Case No. 2:18-cv-1025
OPINION AND ORDER
Plaintiff, Dean S. McKnight, brings this action under 42 U.S.C. §§ 405(g) for review of the final decision of the Commissioner of Social Security ("Commissioner") denying his application for a period of disability and disability insurance benefits. In a decision rendered on September 13, 2017, the administrative law judge ("ALJ") found that plaintiff has severe impairments consisting of bilateral carpal tunnel syndrome with right upper extremity release, cervical degenerative disc disease, degenerative joint disease of the left shoulder, diabetes, depression, anxiety, post-traumatic stress disorder ("PTSD"), and dysthymic disorder. R. 238. The ALJ concluded that plaintiff has the residual functional capacity ("RFC") to perform light work with certain physical restrictions. The RFC also limited plaintiff to work involving no demands for fast pace in a static environment with infrequent changes. R. 240. After considering the testimony of a vocational expert, the ALJ concluded that there are jobs which plaintiff can perform and that plaintiff is not disabled. R. 244-245.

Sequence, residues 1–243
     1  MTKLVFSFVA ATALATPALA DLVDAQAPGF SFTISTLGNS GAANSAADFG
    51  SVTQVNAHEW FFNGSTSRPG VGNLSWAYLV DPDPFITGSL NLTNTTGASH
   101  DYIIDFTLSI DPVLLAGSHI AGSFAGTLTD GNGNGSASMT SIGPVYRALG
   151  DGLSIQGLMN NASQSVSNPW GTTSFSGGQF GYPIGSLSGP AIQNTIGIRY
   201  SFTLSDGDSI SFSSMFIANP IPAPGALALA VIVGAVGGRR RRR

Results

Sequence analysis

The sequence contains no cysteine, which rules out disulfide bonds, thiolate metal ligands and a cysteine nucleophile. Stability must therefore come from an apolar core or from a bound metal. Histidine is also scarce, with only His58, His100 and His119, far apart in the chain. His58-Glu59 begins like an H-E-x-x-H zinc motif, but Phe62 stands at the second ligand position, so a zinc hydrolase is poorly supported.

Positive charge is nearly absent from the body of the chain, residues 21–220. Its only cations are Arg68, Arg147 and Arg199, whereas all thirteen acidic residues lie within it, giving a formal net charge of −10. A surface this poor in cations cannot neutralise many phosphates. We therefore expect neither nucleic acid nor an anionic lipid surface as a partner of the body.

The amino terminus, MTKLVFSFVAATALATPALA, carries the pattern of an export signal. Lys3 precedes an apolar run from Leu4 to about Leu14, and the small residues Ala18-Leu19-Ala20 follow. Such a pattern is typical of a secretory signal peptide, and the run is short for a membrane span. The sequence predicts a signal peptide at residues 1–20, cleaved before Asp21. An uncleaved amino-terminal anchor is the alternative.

This matter is now before the court for consideration of plaintiff's corrected objections to the June 4, 2019, report and recommendation of the magistrate judge, recommending that the decision of the Commissioner be affirmed and that plaintiff's motion to remand this case to the Commissioner under sentence six of 42 U.S.C. §405(g) be denied.
I. Standard of Review
If a party objects within the allotted time to a report and recommendation, the court "shall make a de novo determination of those portions of the report or specified proposed findings or recommendations to which objection is made." 28 U.S.C. § 636(b)(1); see also Fed. R. Civ. P. 72(b). Upon review, the court "may accept, reject, or modify, in whole or in part, the findings or recommendations made by the magistrate judge." 28 U.S.C. § 636(b)(1).